• And Constitutional Review Benchmark Has Still Not Been Met. “The benchmark requiring a review of the Iraqi Constitution has not yet been met.” [GAO Report, 10/30/07]
  • Deputy Prime Minister of Iraq Said There Is a Political Crisis in the Country. “No one has anything good to say about the current Iraqi government. Not even Barham Salih, the deputy prime minister. ‘I think we do have a very serious political crisis in this country. We need to do a lot better in terms of bringing about the political environment that can sustain these security gains,’ he says. ‘Iraq is in need of an exceptionally qualified, capable government. My government, the government of which I am part of, leaves a lot to be desired. A country like Iraq cannot be run like this.’” [NPR, 1/9/08]


President Bush Said Iraqis Would Take Control of All 18 Provinces By January 2007. “To establish its authority, the Iraqi government plans to take responsibility for security in all of Iraq’s provinces by November.” [President Bush Speech, 1/10/07]

  • But Iraqis Controlled Just Nine of the Country’s Eighteen Provinces by the End of 2007. “By year’s end, Iraq controlled just nine of the country’s 18 provinces. The American ground commander, Lt. General Ray Odierno, said he doesn’t want to move too fast on the turnover – that security is still tenuous in many areas.” [NPR, 1/7/08]

President Bush Said Iraqi Forces Would Increase Forces Deployed Across Baghdad to 18 Army and Police Brigades. “Now let me explain the main elements of this effort: The Iraqi government will appoint a military commander and two deputy commanders for their capital. The Iraqi government will deploy Iraqi Army and National Police brigades across Baghdad’s nine districts. When these forces are fully deployed, there will be 18 Iraqi Army and National Police brigades committed to this effort, along with local police. These Iraqi forces will operate from local police stations — conducting patrols and setting up checkpoints, and going door-to-door to gain the trust of Baghdad residents.” [President Bush Speech, 1/10/07]

  • But Iraqi Forces in Baghdad Have Dropped to 15 Brigades. “But a year later, the number of Iraqi brigades has dropped in Baghdad from 18 to 15. Some of the units have been sent by the Iraqi government to other hotspots.” [NPR, 1/7/08]


President Bush Said Prime Minister Maliki Pledged that Sectarian Interference Would Not Be Tolerated. “In earlier operations, political and sectarian interference prevented Iraqi and American forces from going into neighborhoods that are home to those fueling the sectarian violence. This time, Iraqi and American forces will have a green light to enter those neighborhoods — and Prime Minister Maliki has pledged that political or sectarian interference will not be tolerated.” [President Bush Speech, 1/10/07]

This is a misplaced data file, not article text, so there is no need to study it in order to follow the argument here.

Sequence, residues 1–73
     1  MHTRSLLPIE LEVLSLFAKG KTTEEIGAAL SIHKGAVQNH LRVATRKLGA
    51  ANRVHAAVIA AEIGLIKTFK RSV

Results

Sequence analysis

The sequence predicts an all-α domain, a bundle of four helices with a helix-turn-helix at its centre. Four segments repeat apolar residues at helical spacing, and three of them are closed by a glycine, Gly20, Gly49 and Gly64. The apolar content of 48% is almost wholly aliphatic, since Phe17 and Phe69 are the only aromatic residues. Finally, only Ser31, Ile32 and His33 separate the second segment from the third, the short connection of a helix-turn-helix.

• Sectarianism Persists in Iraqi National Police. “Many National Police units are still linked with Shiite death squads. ‘They have a lot of very, very serious issues within the National Police,’ former Washington, D.C., Police Chief Charles Ramsey said on NBC’s ‘Meet the Press.’ He was on a high-level panel looking at the Iraqi security forces… The National Police are just one example of the stubborn sectarianism — especially between Shiites and Sunnis — that Bush said last January would be a thing of the past.” [NPR, 1/7/08]
  • Shiite-Led Iraqi Government Views Leaders of Sunni Awakening Movement As a Threat, While Sunni Leaders Oppose the Central Government. “The United States is empowering a new group of Sunni leaders, including onetime members of former president Saddam Hussein’s Baath Party, intelligence services and army, who are challenging established Sunni politicians for their community’s leadership. The phenomenon marks a sharp turnaround in U.S. policy and the fortunes of Iraq’s Sunni minority. The new leaders are decidedly against Iraq’s U.S.-backed, Shiite-led government, which is wary of the Awakening movement’s growing influence, viewing it as a potential threat when U.S. troops withdraw.” [Washington Post, 1/8/08]
  • Ambassador Crocker Acknowledged That Sunnis and Shiite Leaders Are Not Cooperating at the National Level. “The U.S. military has been busy getting Sunni and Shiite leaders to work together at the local level, but Crocker acknowledges that this has not been replicated by Iraqi officials at the national level. ‘That’s got to happen or nothing good is coming down the line,’ he says.” [NPR, 1/9/08]


2007 Was the Deadliest Year Yet for U.S. Troops in Iraq. “The U.S. military on Tuesday announced the deaths of five more soldiers, making 2007 the deadliest year of the war for U.S. troops, according to an Associated Press count…At least 852 American military personnel have died in Iraq so far this year — the highest annual toll since the war began in March 2003, according to AP figures. Some 850 troops died in 2004.” A total of 892 American troops were killed in Iraq in 2007 according to the Washington Post. [Associated Press, 11/6/07; Washington Post, Faces of the Fallen]